Last year — based on the financial statements of the companies that have reported so far — has many faces.
The industrial sector is happy as can be, with signs of health that first appeared after the recovery took hold in 2014 and continued for the following 12 months. The service sector has finally managed to overcome its impasse and is a bit more serene.
And, after a long period of stasis, construction has finally managed to come up with a smile, according to the 2016 Cerved SME Report, which analyzed the 2015 balance sheets of more than 110,000 SMEs with between 10 and 250 employees.
SMEs made progress in productivity and competitiveness, although figures were still well below pre-crisis levels. Most of the recovery is due to the expansive monetary policy of the ECB, which jump-started investment plans, and the positive effects of lower prices for raw materials, crude oil and energy. That helped revenue at SMEs rise 3.1%, with an increase of two percentage points from 2014.
But there are caveats. The increase mostly involves small and mid-sized companies, while large groups saw revenue fall, for the fifth consecutive year, by 1.5%, led by energy companies that were on the wrong side of lower oil prices.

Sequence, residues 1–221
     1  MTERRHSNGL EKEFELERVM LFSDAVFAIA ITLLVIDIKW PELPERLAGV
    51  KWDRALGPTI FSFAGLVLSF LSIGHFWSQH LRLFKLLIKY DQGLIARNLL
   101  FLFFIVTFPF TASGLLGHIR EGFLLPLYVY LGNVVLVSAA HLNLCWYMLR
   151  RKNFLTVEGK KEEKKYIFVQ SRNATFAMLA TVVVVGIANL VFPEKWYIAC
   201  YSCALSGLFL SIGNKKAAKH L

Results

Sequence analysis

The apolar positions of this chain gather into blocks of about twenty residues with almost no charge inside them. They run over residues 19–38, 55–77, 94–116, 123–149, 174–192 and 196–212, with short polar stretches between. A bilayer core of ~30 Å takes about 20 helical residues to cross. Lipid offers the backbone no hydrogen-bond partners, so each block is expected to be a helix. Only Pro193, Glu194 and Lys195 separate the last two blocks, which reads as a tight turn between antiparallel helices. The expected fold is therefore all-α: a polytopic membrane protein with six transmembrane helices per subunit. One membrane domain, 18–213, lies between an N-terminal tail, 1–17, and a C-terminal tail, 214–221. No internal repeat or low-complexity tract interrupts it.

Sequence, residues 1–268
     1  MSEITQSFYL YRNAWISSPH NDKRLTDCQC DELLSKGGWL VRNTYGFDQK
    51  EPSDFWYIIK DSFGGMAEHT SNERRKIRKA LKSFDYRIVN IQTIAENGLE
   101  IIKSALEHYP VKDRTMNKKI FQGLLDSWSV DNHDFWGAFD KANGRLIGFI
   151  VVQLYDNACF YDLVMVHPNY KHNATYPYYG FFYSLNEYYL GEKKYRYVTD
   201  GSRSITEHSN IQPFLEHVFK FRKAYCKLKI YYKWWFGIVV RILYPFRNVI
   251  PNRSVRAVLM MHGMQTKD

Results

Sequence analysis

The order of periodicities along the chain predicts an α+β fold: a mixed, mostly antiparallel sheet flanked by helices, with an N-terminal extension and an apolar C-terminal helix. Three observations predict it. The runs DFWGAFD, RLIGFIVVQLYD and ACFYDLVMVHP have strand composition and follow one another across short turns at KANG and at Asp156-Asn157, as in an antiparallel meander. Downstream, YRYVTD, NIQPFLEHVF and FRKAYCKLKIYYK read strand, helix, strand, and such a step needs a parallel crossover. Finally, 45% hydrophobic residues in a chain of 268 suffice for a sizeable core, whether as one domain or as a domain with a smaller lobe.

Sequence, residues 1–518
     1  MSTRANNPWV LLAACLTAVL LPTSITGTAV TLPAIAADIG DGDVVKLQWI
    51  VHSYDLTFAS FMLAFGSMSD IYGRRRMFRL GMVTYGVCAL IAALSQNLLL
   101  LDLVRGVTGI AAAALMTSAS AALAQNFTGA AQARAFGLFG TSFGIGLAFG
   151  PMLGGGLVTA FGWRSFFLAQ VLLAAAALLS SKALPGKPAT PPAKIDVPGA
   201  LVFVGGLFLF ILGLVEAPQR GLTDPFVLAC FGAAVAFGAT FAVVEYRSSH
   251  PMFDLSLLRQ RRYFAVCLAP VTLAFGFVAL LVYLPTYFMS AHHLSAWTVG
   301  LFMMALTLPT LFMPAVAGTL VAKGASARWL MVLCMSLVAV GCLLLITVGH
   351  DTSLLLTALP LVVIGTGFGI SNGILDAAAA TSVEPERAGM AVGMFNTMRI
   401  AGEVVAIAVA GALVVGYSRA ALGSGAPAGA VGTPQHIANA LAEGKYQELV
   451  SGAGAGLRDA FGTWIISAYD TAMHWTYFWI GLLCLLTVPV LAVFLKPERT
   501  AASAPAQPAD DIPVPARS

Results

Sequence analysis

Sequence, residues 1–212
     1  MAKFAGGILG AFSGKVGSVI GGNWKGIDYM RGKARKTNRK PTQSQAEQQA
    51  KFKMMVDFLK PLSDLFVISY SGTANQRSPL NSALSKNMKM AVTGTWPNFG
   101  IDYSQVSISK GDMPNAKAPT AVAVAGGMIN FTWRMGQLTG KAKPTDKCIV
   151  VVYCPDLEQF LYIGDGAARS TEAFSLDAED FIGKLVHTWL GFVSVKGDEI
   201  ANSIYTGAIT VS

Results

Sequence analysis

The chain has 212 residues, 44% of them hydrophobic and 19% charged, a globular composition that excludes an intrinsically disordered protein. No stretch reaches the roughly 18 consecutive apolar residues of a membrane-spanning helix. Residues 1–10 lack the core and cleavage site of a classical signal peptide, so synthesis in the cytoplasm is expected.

Revenue was up 3.9% for industrial companies; 3.6% for service companies; and 1.8% for construction—versus a 1.7% loss in 2014.
The energy and utility sector alone were in negative territory (-3.6% in 2015) on lower crude oil and gas prices.
“SMEs have lived through the natural selection phase, with those too weak gone from the market and the others holding on, said Marco Nespolo, CEO of Cerved Group.” Now, we see a widespread recovery, with revenue that's practically returned to pre-crisis levels.Regarding profitability, however, there's still work to do.”
Compared with 2008, EBITDA is down 23% “due to a a cycle of a slower recovery and a violent and persistent crisis,” Nespolo added.
There's been improvement on the asset front since 2008.
“The financial solidity of SMEs that survived the crisis is stronger,” he said. “They are the most highly capitalized and the best equipped to face an eventual recessionary cycle.”
On average, one in four is severely undercapitalized, while a few years ago it was near 30%.
The upbeat trend was confirmed by the smaller number of companies that ended 2015 in the red. On average it was one SME out of five, and for the medium and large groups that fell to just over 15%.
“We are close to physiological levels, only a bit above the pre-crisis levels,” said Nespolo.
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